carte jour 28
Abstract= We take the Maphu la pass and visit the monastery of Shekar Dz. Then pass the Chinese check-points and the Tse la pass before going down again in a valley which we will follow up to the foot of Everest.

Chuchar. Early in the morning we are struck by the number of vehicles travelling at full speed, towards Lhasa. During the night on several occasions we were awakened by the sound of trucks travelling at high speed crossing the city. We learn that this year is a great pilgrimage to the Mt Kaïlas, the most holy mountain in Tibet. Mt Kailas is the object of pilgrimages among Hindus. Thousands of Tibetans of Central Tibet break their moneyboxes to take part in it. What is striking are the severity of the conditions these people will endure to achieve this pilgrimage. Both the trucks and the pilgrims are brown with dust. Many travel in the open air, clinging to the racks of the truck, regardless of the weather, day or night, their heads hidden under a bulky balaclava, This three non-stop days of travel would be martyrdom for us but nothing can stop Tibetans in the achievement of their faith.
Our breakfast is taken at "the Hotel of Farmer". Yesterday evening, the room was closed! 35 hours? We leave Chuchar. Shortly after having left the city we pass a checkpoint at the place where the road divides, the right-hand road leads to Namling whereas that of the left leads to Dingri and the Nepalese border.

We follow the latter. The road goes up in a desert landscape valley up to the Tse la pass (5264m high).

Close to the top, we pass many herds of sheep.

le col après le col
On the descent down the western bank of the river, small villages and on a small spur on the road side, the monastery of Tö.

We were received warmly. The monastery is under reconstruction and I only give a modest gift because I was not able to change enough money in Shigatse.

We go down the valley and we stop in the new city of Baiba where the majority of the buildings are Tibetan. We found a restaurant for lunch whilst the guide went to the office to get a "pass" to access to the road to Everest. The last time I was there, seven years ago, there was only one Chinese building isolated in the middle of the plain which looked like an abandoned blockhouse. It appears that the country has enjoyed a certain prosperity and that the number of the houses has doubled since the departure of the Dalai-Lama.

At Baiba, is the junction with the road of Shekar Dzong located in a large valley on the right. Several km further this valley is splits.

On the right, we can see the new Chinese city (or Prefecture of Tingri) in front of the Tibetan city located at the foot of the spur which disects the plain in two. One can see in detail the ruins of the fortress which dominated the valley and the monastery on the north of the rocky edge. We park the Toyota and follow a quite narrow bendy track by climbing to the monastery. The path is narrow that it is difficult to imagine, how in the past, so many materials were transported for the construction of all the buildings. The monastery is in the middle of a field of ruins.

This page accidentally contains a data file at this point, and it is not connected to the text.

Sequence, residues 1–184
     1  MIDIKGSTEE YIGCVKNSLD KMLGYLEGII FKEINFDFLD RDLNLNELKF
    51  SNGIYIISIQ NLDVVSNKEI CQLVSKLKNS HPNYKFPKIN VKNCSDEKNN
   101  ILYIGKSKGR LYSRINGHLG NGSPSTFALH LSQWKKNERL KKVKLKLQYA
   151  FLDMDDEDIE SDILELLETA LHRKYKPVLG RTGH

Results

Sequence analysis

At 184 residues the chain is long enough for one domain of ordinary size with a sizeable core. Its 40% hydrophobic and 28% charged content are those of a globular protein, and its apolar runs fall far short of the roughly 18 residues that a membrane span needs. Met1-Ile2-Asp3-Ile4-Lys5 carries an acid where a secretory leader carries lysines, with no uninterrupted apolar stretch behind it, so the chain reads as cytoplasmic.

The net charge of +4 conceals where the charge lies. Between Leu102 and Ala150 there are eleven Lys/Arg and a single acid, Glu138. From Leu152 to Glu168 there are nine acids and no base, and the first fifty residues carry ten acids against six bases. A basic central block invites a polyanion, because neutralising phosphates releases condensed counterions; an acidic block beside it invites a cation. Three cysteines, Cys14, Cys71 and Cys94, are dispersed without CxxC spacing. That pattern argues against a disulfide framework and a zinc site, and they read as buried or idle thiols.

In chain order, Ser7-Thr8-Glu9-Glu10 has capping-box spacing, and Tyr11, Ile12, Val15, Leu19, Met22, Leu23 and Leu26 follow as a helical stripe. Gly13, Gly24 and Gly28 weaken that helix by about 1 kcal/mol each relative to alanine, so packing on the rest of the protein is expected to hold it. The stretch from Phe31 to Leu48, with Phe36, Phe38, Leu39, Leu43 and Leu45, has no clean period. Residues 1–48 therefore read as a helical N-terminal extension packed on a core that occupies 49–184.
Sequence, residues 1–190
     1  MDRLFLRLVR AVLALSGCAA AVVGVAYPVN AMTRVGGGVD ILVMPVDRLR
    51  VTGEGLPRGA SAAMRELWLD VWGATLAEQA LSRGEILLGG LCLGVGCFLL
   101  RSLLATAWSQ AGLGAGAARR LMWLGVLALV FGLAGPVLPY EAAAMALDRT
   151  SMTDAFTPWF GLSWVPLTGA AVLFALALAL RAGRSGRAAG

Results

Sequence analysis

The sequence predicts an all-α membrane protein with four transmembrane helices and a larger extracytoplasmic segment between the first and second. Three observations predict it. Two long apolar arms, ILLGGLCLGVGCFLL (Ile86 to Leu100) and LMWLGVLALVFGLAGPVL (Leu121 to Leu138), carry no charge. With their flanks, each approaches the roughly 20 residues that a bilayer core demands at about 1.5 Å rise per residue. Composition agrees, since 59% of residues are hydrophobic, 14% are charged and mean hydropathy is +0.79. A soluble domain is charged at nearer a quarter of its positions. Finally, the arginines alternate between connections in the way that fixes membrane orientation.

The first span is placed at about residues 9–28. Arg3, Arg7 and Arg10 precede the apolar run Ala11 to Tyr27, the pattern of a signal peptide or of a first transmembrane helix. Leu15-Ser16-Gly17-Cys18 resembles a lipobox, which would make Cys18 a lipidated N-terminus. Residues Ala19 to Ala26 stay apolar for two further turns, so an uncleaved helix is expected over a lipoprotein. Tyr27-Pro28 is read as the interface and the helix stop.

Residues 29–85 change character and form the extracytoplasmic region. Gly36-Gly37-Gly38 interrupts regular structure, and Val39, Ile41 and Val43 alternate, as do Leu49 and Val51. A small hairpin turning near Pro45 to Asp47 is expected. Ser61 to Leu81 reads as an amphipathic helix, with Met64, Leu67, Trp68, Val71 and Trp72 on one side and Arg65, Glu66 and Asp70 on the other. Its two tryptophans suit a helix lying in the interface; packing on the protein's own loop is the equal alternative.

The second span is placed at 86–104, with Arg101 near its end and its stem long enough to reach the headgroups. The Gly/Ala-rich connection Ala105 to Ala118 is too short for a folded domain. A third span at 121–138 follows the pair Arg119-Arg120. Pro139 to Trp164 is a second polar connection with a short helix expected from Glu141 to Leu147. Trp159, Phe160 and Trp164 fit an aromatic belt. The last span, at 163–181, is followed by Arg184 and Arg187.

The first monastery was founded during the 13th century and spanned a site ten times larger than it does to day as we can see on the old painting of the site. We cross the gate of the enclosing wall by a series of steps because the incline is steep.

We visit the Dukhang and a chapel. The buildings are scattered on both sides of the path.

In this place we can also see the importance of the old fortress where several thousands soldiers lived.

We return to the crossroads of Baiba and continue in the southerly direction.
We soon arrive at another check-point where Chinese soldiers again peer at our papers... The road of Tingri is due E.

le check-point au sud de Baiba

After several kilometres we take a southern road which follows a valley on the left, and in the first village, we came accross a second check-point which checks the "Everest pass" to reach Rong phu.

Many bends were negociated before arriving at the top of the Tse la pass (5234m).

The landscape has not been cleared and we hope to see the sight of Everest in Rongphu!

The Himalayan range seems very distant. Coming from the N, it seems that it is moving back as we approach it! In the descent, road works are in progress and the road quality is terrible. Over the month our spine has been subjected to extremely rough treatment. We have the impression we breathe again iwhen the driver decides to leave the road and cross through fields.

We descended into a fertile valley, cross Trashidzong and pass several villages before going up upstream which leads us to the monastery of Rongphu, 6 kilometres away from the Everest No1 North Base Camp.

The valley is broad enough and widens to give access to a plain with accumulated gravel more than 100m high. When the road forks, due south, we can see the top of Everest and the close peaks which pass again and again in front of our eyes open in wonder.

The track is difficult due to the numerous sections of road works we meet here and there along the road.

Arriving at Rongphu, we discovered a large white chorten. The weather was a little cold and the landscape not completely clear.

But Everest was there, with small light clouds masking its summit. The guesthouse, separated from the monastery, was composed of a series of rooms which formed an L facing the monastery on the opposite (or west) side of the road. Fifteen tourists have just arrived and we met them in the restaurant.

As in all the public places in China or in Tibet, the mere act of sitting down brings a girl with hot pot of tea and a smile. We raise the curtains of the window to wait the moment when the snowy top would be entirely cleared, but apparently it would not be cleared for this evening. The next morning, the group aims to go to the base camp on foot. Olivier will join them.

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